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Worth knowing about ferns

Today the fern plants (Filicatae) form only the remnant of a plant group which used to be substantially richer in types, once. They belong like the club moss plants (Lycopsida) and horsetail plants (Equisetatae) to the Pteridophyta whose most important characteristic festures are the education of spores and a change of generations. Towards him stands the far bigger group of the flourishes and seed plants, the Phanaerogamae.

In terms of evolution, the fern plants are essentially older than the seed plants. Around 400 million years ago they formed with their relatives enormous forests which we today see as coal. At this time, the ferns reached up to 30 ms high. In the tropics, only, there are to this day some tree-shaped species. With us the eagle fern is approximately 2-m high and the biggest kind in Europe.

Today, there are still 56 species of the Pteridophyta found in Europe - and some are very rare.

The Structure of Ferns

Ferns and flourish plants are so-called 'higher' plants which differ from the 'low' plants, for example, mosses and mushrooms by there construcion. They consist of 3 basic organs, the root, shoot or trunk and leaf. Our open land ferns are hardy herbaceous plants which lost their leaves either in autumn or are winter-green or evergreen. They grow from a rhizom which is like most ferns more or less arising erect above the ground. Some species also form short creeping rhizoms, spread out over a single location. Few species , as for example the Ostrich fern (Matteuccia strutiopteris), can become annoyingas they grow metre long underground rhizomes, sometimes.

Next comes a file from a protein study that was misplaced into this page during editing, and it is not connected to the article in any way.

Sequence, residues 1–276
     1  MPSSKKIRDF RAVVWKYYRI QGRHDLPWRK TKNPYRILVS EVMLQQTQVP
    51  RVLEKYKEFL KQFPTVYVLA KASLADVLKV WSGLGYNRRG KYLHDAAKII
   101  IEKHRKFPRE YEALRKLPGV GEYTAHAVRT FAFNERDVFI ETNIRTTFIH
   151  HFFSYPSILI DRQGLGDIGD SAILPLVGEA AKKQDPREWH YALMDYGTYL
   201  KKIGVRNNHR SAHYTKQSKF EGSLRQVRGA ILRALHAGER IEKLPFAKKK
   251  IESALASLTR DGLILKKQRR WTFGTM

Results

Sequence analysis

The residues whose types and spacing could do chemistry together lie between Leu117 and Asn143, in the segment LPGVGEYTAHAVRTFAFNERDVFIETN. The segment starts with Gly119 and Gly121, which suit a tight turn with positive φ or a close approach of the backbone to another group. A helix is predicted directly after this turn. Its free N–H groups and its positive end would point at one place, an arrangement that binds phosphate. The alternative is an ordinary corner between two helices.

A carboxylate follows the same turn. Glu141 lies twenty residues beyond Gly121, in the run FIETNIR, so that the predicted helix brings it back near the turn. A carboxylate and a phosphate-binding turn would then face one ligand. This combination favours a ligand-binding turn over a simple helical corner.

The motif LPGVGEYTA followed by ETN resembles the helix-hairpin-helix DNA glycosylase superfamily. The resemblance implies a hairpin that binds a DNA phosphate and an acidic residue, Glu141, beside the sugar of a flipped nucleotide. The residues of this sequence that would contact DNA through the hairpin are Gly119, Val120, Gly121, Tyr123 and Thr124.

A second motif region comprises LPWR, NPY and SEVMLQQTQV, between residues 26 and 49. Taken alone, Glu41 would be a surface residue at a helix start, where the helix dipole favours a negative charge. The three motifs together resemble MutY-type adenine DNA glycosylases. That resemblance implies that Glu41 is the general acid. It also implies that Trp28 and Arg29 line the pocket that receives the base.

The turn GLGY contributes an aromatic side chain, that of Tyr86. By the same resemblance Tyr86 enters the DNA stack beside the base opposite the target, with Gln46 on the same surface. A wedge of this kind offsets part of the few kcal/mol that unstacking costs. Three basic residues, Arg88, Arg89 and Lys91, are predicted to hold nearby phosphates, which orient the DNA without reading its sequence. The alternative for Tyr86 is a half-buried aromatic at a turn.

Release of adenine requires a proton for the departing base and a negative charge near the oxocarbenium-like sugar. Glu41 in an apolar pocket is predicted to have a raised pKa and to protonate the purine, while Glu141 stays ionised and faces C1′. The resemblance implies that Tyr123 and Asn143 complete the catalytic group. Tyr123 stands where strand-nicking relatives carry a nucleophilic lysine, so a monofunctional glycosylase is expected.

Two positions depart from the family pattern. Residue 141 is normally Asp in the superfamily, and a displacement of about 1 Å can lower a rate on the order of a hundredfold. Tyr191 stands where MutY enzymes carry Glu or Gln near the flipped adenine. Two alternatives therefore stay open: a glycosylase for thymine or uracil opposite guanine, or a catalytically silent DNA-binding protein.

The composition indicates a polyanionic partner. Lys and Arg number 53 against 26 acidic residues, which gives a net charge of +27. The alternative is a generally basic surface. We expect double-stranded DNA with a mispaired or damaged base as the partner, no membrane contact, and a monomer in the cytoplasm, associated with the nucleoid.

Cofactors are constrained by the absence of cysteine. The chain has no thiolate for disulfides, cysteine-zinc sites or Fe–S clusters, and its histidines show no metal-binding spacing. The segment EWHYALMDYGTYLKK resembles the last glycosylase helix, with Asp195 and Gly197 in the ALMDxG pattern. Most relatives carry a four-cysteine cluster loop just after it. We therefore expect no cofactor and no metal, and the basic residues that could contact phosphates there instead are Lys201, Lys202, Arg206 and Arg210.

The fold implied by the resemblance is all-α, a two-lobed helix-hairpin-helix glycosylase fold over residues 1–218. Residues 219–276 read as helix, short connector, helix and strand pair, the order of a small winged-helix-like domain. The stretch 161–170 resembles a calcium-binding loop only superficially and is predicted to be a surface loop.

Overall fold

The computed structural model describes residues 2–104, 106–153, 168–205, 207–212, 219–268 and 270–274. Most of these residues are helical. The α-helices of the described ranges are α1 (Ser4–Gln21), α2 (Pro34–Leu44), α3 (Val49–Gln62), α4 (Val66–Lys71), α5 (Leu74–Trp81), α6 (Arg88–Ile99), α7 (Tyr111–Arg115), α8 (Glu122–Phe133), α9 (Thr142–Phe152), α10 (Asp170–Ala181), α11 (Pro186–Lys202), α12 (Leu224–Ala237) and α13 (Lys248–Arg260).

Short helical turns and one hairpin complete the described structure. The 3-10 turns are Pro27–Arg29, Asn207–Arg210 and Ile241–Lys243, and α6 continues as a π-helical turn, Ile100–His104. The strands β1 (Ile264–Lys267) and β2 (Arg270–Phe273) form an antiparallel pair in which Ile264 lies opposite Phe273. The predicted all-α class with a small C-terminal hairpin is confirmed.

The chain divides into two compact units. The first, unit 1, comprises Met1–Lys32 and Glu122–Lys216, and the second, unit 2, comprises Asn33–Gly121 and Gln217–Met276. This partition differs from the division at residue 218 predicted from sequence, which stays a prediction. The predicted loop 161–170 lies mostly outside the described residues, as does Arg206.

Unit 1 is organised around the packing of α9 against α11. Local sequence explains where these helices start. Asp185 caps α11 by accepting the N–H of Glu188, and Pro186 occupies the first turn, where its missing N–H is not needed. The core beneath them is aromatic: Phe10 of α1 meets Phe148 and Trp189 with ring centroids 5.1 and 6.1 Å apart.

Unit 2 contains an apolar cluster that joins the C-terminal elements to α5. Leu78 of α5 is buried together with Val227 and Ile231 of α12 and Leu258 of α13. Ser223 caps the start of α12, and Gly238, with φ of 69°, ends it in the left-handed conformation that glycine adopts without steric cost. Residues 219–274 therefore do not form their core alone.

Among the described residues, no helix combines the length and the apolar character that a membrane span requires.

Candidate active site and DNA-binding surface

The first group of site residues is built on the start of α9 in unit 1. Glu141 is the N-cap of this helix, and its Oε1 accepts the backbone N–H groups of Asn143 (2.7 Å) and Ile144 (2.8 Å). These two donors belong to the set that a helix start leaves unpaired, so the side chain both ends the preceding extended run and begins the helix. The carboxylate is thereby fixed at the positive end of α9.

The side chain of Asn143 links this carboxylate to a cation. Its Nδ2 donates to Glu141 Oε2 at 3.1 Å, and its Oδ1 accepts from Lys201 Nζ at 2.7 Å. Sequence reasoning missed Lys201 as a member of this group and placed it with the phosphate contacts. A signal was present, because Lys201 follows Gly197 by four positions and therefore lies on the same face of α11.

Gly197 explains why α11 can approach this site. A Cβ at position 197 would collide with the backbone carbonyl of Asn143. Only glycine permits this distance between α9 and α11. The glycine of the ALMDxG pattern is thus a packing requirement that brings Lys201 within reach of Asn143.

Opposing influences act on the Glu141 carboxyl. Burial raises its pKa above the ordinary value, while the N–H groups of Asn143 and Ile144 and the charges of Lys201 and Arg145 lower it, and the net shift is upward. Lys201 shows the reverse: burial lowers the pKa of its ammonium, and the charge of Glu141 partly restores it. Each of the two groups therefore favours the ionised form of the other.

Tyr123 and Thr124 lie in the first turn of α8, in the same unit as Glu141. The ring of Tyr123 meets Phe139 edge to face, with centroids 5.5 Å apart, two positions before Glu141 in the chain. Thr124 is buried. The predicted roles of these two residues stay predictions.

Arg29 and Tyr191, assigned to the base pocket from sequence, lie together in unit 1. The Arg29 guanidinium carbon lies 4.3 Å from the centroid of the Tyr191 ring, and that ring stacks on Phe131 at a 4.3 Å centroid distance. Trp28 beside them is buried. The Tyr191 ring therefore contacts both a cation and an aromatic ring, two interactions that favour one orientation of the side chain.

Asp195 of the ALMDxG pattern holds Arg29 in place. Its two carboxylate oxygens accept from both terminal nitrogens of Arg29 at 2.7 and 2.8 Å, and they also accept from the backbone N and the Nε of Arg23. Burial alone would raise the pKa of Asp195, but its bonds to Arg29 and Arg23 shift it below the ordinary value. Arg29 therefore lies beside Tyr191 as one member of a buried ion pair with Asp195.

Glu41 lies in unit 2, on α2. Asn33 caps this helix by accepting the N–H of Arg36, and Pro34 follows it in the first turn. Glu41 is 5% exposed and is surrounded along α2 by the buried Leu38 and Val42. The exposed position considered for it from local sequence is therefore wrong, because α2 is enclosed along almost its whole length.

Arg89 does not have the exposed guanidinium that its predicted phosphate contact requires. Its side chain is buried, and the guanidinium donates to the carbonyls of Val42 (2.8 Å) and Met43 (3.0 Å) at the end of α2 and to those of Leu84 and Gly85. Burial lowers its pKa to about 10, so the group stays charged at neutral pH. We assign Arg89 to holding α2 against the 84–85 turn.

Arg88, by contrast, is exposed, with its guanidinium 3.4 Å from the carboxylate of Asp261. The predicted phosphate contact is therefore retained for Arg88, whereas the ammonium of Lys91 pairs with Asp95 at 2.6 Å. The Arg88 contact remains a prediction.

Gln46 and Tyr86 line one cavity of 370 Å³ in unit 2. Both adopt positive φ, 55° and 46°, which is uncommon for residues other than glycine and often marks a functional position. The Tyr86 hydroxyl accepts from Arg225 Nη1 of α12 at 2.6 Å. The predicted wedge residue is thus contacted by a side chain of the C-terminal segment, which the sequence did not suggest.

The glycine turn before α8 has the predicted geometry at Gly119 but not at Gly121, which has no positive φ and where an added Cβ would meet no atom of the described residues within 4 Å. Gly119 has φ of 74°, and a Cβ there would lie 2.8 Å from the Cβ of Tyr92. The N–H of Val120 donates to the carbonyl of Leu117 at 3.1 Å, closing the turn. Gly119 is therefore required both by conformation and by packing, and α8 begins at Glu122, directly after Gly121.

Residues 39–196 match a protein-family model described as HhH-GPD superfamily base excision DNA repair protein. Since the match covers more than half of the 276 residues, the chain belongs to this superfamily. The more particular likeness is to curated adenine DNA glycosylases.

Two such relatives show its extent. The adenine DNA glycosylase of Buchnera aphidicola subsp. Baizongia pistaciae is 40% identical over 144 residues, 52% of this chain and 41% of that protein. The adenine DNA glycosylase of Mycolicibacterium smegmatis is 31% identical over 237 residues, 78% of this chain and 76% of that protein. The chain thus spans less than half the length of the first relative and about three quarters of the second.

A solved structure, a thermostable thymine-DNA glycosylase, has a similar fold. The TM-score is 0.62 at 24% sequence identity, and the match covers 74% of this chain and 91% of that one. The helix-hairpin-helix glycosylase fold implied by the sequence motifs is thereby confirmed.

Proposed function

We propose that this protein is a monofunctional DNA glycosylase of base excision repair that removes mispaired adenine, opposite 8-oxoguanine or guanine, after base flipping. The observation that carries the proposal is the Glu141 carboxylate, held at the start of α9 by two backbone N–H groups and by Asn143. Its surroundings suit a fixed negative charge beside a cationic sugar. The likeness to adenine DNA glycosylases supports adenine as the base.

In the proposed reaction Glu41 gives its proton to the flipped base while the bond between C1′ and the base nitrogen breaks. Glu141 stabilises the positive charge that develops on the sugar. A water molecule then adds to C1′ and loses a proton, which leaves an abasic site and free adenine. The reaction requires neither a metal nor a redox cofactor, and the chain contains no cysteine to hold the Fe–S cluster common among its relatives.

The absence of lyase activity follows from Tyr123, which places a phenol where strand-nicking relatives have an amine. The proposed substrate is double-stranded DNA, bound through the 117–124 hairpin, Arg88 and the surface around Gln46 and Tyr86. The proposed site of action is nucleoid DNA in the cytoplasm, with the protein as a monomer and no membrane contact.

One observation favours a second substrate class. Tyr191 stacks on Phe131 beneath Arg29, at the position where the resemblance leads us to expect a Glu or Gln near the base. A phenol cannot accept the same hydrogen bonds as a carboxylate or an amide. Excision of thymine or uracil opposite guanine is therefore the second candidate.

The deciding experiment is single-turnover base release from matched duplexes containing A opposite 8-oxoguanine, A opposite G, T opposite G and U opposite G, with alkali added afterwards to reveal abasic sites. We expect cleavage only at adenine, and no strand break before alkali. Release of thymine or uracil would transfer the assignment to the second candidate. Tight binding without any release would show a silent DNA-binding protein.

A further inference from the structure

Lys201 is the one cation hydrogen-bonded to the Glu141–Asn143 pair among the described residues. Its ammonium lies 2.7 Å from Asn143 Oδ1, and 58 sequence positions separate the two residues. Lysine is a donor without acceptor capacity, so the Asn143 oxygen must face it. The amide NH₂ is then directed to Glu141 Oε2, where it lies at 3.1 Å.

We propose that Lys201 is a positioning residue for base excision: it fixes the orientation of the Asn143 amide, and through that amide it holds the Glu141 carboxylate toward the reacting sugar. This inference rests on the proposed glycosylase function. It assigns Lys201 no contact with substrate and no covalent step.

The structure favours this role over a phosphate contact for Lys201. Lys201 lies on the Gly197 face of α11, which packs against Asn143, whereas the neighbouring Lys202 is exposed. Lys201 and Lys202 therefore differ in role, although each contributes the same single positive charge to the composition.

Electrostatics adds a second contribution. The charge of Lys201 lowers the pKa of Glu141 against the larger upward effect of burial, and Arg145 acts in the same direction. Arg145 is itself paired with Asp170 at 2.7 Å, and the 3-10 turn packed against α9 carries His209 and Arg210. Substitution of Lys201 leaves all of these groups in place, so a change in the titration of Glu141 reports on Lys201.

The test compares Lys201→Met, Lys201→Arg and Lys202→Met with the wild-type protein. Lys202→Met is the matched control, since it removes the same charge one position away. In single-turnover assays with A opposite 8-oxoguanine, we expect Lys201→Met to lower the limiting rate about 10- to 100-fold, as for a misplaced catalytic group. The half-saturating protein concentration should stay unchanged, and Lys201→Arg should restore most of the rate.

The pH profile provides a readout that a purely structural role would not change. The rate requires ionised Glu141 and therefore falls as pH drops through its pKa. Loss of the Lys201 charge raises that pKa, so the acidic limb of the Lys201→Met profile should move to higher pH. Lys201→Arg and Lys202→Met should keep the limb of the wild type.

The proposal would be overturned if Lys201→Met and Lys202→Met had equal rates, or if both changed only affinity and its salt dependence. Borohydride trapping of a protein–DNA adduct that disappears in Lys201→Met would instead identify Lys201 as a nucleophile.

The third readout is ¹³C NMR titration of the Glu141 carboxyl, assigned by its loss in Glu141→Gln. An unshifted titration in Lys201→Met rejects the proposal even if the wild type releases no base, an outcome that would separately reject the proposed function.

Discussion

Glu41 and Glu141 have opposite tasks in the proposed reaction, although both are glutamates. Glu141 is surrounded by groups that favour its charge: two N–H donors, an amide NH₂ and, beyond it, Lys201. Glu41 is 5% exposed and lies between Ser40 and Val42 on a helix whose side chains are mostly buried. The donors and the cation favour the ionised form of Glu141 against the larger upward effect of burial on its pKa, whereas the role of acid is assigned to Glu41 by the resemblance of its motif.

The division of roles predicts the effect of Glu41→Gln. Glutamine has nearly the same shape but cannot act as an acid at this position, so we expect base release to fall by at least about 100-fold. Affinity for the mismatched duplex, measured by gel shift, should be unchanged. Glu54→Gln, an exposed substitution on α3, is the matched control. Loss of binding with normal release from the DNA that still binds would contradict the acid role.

The leaves call frond with the fern, consisting of stipe and lamina. The ferns surprise by many different forms and colors which reach from redly, light green, dark green to yellowish green. Reproduction takes place around the spores, in contrast to the flourish plants which reproduce by seed. The spores of ferns are produced on the underside of the fronds, combined in groups within a spore case (sporangium). The sporangia stand together in groups (sori) sometimes covered with a veil (indusium). With some fern species the spores are produced at separate fronds, which often differ from the normal fronds a lot, for example with the Royal fern (Osmunda regalis), Sensitiv fern (Onoclea sensibilis) and Ostrich fern (Matteuccia strutiopteris). The spores mature mostly between July and November and are spread by the wind. With promising conditions, they develop themselves from the spores then become green thin flat growth, known prothallus, where the male and feminine genital organs are found. With enough humidity the conception takes place on the prothallus and it developes onto itself a young fern plant. A regular change finds it between a sexual generation (prothallus) and an unsexual generation (fern plant with spores). Ferns are resident in all climate zones. Particularly richly in ferns are regions with damp climate. The biggest species number is resident in the tropics. Here many of the species live as an Epiphyt.